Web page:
Large Degree Asymptotics and the Reconstruction Threshold of the Asymmetric Binary Channels

  • Wenjian Liu
  • Ning NingEmail author


In this paper, we consider a broadcasting process in which information is propagated from a given root node on a noisy tree network, and answer the question that whether the symbols at the nth level of the tree contain non-vanishing information of the root as n goes to infinity. Although the reconstruction problem on the tree has been studied in numerous contexts including information theory, mathematical genetics and statistical physics, the existing literatures with rigorous reconstruction thresholds established are very limited. In the remarkable work of Borgs et al. (in: 47th Annual IEEE Symposium on Foundations of Computer Science, FOCS, IEEE Computer Society, 2006), the exact threshold for the reconstruction problem for a binary asymmetric channel on the d-ary tree is establish, provided that the asymmetry is sufficiently small, which is the first exact reconstruction threshold obtained in roughly a decade. In this paper, by means of refined analyses of moment recursion on a weighted version of the magnetization, and concentration investigations, we rigorously give a complete answer to the question of how small it needs to be to establish the tightness of the reconstruction threshold and further determine its asymptotics of large degrees.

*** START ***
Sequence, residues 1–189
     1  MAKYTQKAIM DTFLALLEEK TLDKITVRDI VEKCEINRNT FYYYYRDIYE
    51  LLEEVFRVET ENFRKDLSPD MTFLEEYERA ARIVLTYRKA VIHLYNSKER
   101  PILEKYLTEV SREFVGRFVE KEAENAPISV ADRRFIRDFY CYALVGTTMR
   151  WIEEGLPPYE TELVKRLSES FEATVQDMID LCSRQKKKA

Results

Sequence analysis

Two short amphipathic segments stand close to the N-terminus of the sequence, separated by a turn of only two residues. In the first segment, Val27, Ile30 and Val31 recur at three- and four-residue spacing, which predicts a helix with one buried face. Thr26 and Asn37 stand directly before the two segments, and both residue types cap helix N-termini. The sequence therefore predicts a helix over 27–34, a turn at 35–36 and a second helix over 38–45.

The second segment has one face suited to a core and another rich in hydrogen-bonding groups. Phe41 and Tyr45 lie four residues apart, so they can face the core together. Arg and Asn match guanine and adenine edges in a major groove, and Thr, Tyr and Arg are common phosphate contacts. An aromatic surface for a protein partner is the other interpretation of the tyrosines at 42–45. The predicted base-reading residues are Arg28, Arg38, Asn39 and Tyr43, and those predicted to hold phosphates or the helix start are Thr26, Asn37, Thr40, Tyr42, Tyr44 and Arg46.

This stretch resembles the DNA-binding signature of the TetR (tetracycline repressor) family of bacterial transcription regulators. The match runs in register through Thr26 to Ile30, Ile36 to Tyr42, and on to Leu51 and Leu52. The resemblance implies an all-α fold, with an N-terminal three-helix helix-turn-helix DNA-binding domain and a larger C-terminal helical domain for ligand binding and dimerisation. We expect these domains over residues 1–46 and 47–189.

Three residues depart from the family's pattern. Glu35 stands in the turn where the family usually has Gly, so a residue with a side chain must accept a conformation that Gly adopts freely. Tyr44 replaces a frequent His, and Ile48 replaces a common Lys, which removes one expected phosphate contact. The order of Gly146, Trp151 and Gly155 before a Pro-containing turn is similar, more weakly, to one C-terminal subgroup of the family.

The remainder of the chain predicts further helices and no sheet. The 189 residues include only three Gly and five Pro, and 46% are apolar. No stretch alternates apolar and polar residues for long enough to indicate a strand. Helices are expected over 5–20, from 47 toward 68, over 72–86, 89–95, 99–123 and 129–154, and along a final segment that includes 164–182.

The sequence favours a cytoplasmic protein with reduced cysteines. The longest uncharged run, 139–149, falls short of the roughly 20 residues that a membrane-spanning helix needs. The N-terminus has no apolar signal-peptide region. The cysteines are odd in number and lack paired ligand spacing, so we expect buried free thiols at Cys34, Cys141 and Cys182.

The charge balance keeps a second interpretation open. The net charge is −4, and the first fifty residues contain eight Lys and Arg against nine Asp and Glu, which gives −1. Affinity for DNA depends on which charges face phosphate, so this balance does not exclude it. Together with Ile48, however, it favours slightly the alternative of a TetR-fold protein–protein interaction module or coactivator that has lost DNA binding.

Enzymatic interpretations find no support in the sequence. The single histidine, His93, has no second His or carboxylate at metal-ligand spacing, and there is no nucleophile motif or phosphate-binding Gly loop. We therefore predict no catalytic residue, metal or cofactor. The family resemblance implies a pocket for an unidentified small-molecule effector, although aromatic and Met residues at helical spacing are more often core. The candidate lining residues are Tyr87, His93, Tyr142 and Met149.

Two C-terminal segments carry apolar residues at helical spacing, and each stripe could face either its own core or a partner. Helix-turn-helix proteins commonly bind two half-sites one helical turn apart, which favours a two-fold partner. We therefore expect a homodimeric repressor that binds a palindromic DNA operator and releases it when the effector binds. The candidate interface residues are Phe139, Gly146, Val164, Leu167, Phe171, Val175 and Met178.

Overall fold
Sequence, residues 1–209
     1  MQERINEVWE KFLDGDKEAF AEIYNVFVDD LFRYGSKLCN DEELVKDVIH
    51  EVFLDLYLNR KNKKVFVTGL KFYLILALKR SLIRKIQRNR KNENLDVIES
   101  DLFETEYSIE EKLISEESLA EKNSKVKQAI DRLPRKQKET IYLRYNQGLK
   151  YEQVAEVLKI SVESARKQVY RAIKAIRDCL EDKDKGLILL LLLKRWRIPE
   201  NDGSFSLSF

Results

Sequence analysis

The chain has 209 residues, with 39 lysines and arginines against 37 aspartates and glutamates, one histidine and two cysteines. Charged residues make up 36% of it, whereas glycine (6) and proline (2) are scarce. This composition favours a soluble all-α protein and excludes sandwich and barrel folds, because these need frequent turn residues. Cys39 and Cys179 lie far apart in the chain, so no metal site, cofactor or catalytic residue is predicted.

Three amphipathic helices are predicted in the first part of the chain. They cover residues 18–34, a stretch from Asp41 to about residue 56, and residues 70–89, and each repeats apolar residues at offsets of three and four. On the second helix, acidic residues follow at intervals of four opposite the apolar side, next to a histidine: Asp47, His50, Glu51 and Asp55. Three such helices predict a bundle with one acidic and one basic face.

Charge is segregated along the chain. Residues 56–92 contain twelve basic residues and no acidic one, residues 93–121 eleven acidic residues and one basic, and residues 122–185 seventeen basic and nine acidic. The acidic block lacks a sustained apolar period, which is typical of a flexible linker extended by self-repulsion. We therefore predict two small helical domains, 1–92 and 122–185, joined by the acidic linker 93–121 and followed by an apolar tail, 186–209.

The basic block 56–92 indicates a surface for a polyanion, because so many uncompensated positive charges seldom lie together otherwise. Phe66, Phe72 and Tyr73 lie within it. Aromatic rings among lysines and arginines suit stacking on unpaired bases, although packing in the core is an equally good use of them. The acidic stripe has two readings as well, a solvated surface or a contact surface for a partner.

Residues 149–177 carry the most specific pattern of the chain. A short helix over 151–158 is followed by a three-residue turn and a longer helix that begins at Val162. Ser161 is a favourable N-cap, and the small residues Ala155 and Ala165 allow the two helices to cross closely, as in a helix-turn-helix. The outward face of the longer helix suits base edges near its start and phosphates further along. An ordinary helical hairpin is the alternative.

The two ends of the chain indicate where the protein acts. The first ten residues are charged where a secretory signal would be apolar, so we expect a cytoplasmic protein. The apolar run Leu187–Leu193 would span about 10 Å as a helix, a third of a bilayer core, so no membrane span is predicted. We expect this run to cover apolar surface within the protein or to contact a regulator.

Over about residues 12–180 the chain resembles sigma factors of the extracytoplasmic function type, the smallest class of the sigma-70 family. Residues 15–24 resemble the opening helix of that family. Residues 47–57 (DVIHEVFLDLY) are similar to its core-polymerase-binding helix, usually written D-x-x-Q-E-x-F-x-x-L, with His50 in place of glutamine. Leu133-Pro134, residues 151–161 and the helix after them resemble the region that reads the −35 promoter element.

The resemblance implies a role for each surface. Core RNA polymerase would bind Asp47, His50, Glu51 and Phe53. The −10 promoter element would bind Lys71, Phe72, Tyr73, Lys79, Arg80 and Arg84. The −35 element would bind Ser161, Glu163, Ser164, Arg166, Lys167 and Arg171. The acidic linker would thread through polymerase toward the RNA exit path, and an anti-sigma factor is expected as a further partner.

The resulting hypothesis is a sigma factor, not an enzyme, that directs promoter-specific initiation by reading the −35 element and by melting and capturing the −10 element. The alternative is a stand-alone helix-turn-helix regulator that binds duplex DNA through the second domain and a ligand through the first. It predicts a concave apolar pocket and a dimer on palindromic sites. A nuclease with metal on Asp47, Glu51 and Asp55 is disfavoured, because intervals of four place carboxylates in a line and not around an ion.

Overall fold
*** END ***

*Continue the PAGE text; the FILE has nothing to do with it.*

Kesten–Stigum reconstruction bound Markov random fields on trees Distributional recursion Nonlinear dynamical system 

Mathematics Subject Classification

60K35 82B26 82B20 



We give special thanks to the journal editor and two anonymous reviewers who provided us with many constructive and helpful comments. We also give special thanks to Sébastien Roch for his inspiring discussions and reading of some proofs in the first version of this paper. We truly appreciate the warm encouragements on finishing this complete version and helpful discussions on this topic as well as future extensions, from colleagues at the 2017 and 2018 Columbia-Princeton Probability Day, 2017 Northeast Probability Seminar, 2018 Frontier Probability Days, 2017 and 2018 Finger Lakes Probability Seminar, and 2017 and 2018 Seminar on Stochastic Processes.


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Authors and Affiliations

  1. 1.Department of Mathematics and Computer Science, Queensborough Community CollegeCity University of New YorkNew YorkUSA
  2. 2.Department of Applied MathematicsUniversity of WashingtonSeattleUSA

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